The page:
Aberdeen - A Coupeville student has won the 2009 "Voyages of Exploration and Discovery Award," which is sponsored by the Grays Harbor Historical Seaport Authority as part of the annual Washington History Day. Kelly Snoden, a junior at Coupeville High School in Coupeville, wrote an historical research paper on Charles Darwin, his voyage on the research ship HMS Beagle, and the influence of his family on the end of the British slave trade in the early 19th century. Later this summer, Snoden will spend two weeks aboard the Lady Washington, the Official Ship of the State of Washington. Aboard the ship, she will learn first-hand about the lives of tall ship sailors aboard vessels similar to the Beagle.
Washington History Day is affiliated with National History Day, and annual event which encourages students to become historians by developing research, analysis, presentation and social skills. Working individually or in groups, junior (grades 6-8) and senior (9-12) division students select a topic related to an annual theme. They conduct extensive historical research using primary sources, articles, and books, then distill their research and analysis into a dramatic performance, multimedia documentary, museum exhibit, website, or research paper.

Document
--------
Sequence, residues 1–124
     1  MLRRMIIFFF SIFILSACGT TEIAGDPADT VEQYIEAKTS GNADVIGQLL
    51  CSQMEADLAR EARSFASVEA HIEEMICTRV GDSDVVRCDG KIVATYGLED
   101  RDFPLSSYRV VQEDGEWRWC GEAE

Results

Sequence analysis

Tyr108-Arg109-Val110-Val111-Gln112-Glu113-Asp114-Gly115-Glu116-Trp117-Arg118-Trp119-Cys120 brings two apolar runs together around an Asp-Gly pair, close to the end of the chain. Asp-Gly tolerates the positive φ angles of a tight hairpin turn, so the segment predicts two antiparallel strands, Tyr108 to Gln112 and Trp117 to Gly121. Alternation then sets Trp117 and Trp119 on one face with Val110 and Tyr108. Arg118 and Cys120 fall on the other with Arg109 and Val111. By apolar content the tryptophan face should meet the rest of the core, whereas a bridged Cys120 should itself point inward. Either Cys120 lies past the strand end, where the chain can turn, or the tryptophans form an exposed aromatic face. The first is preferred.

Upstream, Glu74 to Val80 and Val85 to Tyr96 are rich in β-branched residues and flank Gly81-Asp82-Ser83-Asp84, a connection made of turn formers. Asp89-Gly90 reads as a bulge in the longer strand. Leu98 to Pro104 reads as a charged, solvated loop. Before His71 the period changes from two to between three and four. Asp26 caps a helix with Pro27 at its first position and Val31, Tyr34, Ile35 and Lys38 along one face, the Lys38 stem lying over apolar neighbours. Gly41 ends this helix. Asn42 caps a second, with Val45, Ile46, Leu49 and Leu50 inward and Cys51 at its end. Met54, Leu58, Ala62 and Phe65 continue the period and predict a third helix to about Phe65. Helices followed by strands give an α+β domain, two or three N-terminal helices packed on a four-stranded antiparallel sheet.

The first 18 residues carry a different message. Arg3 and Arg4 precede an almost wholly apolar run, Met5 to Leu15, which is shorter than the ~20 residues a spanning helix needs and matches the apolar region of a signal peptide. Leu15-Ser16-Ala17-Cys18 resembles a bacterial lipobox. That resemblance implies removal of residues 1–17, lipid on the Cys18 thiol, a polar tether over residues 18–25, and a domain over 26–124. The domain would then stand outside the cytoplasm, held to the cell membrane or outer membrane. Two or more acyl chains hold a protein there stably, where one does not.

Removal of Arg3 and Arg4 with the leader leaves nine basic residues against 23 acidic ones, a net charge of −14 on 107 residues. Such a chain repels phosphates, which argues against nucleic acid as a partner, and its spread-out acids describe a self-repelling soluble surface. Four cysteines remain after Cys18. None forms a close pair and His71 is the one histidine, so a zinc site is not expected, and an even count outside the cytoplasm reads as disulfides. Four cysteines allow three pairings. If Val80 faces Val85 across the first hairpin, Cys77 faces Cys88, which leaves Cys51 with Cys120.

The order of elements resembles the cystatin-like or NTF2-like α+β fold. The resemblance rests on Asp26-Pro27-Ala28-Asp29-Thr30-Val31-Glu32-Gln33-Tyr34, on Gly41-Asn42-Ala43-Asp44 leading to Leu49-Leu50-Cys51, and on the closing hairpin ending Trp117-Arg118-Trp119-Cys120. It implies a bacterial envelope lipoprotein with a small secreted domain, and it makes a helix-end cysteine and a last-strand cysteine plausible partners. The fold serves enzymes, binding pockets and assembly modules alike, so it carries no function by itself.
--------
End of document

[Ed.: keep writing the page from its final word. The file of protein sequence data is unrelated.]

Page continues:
The competition features a number of special awards, including GHHSA's Voyages of Exploration and Discovery Award. The GHHSA award recognizes an outstanding senior individual entry in maritime heritage-related voyages of exploration, discovery, and trade in the 18th to mid-19th centuries. The award includes a full scholarship for a two-week apprenticeship aboard the Lady Washington. Washington History Day organizers announced the winner on April 25.
Snoden, 17, has six years of experience sailing racing craft, though she has no experience on square-rigged vessels such as Lady Washington. "I'm obsessed with sailing, so this award was perfect for me," she says, adding that she is considering a career in the US Navy.